Points Arising: (1) To comply with Art 8 ECHR, decisions as to the removal or restoration of legal capacity must strike a fair balance between competing interests, in relation to which the national authorities have a margin of appreciation, which will be reviewed by the ECtHR, more strictly if the measure has a drastic effect. A mental disorder must be of a kind or degree to warrant a loss of capacity. (2) There must be procedural fairness in the decision-making process as to capacity; this includes ensuring equality of arms in relation to expert evidence. (3) The trend in law is to allow those without capacity direct access to seek to restore capacity; if the person is entirely dependent on the guardian, that is incompatible with Art 8. (4) To comply with Art 5(1), detention must comply with domestic law and be necessary, ie not be arbitrary. (5) Detention on the basis of mental disorder requires a reliable demonstation of unsound mind, the disorder has to be of a kind or degree that warrants compulsory confinement (for treatment or to prevent harm to others), and it must persist. (6) Appointing a guardian who will consent to detention is a breach of Art 5(1); and if there are reasons to doubt the neutrality of a guardian, the ECtHR will review the validity of the evidence.

Facts and Outcome: The case involved a man, APL, diagnosed as having schizophrenia; he was hospitalised several times, and an order was made in June 2000 on the basis of an April 2000 medical report that he lose his capacity (which had to be total rather than partial if mental disorder was involved). An application by his daughter (supported by his father as guardian) to have capacity restored led to the confirmation of the guardianship in March 2001, though without fresh medical evidence because APL did not trust local doctors and would only be examined by them if it was recorded, which the court did not order.

A further application to restore capacity was made by the guardian in July 2001. The court rejected an application to order a report from a non-state psychiatrists, ruling in February 2002 that only reports from state hospitals could be used, and that the April 2000 report remained valid; the hearing was held without APL on the basis that he could not participate and his presence would be prejudicial to his health. The ECtHR found that this breached Art 8 ECHR because (i) there was no fresh assessment of his condition, either through a fresh medical report or an examination of him by the court, even though there was nothing to indicate that his medical condition was irreversible or too short a time had passed for a re-examination and there was no medical evidence to indicate that he could not attend, (ii) it seemed that there was an error in the court’s view that only state-employed experts could give evidence, and the neutrality of an expert is important to ensure equality of arms when basic rights are at stake. As such, the conclusion that the test for incapacitation was still met was not reliable. In addition, it was doubtful that full incapacitation was justified: the presence of a mental disorder does not by itself justify a loss of capacity, since the disorder must be of a kind or degree to warrant such a measure; the absence of evidence of violence, self-harming or grossly irresponsible behaviour, meant that deprivation of capacity – which domestic law required to be total - was disproportionate.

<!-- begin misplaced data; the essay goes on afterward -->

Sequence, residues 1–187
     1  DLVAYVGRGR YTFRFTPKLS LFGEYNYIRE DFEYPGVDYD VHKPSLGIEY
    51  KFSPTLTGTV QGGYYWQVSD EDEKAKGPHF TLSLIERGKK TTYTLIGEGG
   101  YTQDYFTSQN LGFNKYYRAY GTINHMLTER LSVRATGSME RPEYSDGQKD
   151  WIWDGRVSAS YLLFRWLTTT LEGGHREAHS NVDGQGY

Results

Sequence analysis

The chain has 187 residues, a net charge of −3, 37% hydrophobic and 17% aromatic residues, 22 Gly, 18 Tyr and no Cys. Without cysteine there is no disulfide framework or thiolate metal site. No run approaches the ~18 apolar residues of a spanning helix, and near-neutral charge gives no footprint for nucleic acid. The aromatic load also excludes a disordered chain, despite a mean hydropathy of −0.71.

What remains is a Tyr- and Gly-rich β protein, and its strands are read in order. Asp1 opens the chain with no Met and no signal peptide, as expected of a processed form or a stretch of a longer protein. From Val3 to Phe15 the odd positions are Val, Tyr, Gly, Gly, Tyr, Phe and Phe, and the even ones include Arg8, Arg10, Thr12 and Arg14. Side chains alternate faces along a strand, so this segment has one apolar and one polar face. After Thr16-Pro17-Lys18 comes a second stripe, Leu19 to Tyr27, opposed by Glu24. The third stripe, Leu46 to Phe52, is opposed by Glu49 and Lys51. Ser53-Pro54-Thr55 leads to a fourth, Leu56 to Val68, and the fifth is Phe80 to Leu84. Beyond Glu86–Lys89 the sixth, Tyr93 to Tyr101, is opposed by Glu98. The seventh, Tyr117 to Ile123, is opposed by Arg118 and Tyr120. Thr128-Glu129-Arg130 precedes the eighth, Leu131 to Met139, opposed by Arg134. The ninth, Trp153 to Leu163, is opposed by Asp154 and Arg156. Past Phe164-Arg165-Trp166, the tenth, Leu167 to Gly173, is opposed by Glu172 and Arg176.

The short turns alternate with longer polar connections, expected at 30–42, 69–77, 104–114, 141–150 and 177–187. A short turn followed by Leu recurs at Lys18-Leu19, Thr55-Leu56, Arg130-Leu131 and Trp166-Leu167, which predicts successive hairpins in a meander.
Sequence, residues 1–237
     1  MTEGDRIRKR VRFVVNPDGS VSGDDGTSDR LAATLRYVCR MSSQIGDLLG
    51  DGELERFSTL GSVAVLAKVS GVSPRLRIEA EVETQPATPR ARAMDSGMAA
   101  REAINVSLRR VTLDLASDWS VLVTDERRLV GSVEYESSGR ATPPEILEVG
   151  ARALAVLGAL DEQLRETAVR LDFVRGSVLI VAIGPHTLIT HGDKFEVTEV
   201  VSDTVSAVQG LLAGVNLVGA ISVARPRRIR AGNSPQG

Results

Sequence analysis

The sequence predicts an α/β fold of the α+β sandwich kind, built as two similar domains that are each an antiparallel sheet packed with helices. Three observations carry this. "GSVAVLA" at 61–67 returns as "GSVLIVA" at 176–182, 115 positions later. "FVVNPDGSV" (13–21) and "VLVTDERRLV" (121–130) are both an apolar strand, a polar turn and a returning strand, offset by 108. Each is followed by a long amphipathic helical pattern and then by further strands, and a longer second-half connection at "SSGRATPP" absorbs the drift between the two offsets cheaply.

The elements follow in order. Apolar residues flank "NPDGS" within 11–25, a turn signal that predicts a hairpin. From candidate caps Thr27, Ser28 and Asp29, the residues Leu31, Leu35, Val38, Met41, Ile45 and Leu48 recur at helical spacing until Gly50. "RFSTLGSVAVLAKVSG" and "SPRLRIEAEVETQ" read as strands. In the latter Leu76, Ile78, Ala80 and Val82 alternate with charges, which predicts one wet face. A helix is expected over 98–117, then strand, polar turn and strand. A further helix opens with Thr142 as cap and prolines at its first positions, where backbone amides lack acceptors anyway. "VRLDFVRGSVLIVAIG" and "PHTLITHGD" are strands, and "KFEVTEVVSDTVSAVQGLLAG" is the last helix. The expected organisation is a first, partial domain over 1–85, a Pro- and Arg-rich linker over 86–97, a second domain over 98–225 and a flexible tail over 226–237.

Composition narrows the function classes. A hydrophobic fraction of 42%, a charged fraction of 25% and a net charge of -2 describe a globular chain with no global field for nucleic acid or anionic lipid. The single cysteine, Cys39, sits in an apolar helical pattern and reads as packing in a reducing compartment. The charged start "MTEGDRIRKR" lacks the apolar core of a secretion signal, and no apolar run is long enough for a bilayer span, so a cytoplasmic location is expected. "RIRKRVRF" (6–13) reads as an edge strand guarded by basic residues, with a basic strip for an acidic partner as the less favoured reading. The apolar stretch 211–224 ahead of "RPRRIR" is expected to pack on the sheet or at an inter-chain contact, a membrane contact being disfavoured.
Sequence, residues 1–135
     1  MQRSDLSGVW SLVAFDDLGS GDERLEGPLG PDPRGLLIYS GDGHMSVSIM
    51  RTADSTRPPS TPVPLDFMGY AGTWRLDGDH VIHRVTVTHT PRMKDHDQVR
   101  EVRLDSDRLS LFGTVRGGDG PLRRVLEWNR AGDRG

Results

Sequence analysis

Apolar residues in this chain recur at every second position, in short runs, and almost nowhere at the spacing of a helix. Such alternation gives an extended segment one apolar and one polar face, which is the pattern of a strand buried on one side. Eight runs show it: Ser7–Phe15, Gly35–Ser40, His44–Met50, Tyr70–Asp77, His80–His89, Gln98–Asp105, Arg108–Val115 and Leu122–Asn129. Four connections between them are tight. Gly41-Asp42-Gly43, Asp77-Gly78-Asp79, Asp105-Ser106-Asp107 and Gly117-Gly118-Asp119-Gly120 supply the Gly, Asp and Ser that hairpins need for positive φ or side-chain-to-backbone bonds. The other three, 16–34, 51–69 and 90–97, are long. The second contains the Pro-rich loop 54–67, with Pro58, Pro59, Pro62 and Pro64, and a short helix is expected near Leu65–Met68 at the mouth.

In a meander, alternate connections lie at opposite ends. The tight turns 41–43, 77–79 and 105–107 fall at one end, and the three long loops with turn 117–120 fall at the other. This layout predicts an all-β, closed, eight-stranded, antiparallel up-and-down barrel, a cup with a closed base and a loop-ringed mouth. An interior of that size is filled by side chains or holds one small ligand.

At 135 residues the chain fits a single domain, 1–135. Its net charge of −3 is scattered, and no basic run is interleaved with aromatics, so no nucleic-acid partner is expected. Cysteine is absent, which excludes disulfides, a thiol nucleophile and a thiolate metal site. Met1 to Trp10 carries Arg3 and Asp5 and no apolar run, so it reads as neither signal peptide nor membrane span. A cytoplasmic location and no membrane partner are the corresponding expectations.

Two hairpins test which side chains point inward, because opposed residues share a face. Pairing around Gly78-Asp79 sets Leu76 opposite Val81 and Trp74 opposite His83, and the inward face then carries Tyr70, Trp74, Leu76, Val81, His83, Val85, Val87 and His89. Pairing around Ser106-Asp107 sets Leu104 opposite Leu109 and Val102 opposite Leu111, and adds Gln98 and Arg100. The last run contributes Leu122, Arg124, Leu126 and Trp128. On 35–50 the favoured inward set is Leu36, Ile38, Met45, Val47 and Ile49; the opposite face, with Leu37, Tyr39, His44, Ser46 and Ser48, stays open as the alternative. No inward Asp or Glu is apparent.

In December 2002, he was admitted to hospital, leading to an application for a court order for further detention: during that process, when time limits in domestic law were not complied with, the hospital was made his guardian and so detention continued with their consent. This left APL without any way to seek to restore capacity, which was incompatible with Art 8; it was noted that the trend across Europe is to allow those without capacity to have direct access to a court. There were also a breach of Art 5(1) in that detention during the court proceedings was in breach of domestic procedural requirements and so not in accordance with domestic law (and so in breach of Art 5(1)); and detention on the basis of the consent of the guardian, by-passing the legal process, breached Art 5(1); in addition, there were reasons to doubt the impartiality of the guardian, and so it was appropriate to review the medical evidence, which on the facts did not support detention. The lack of a court review also breached Art 5(4).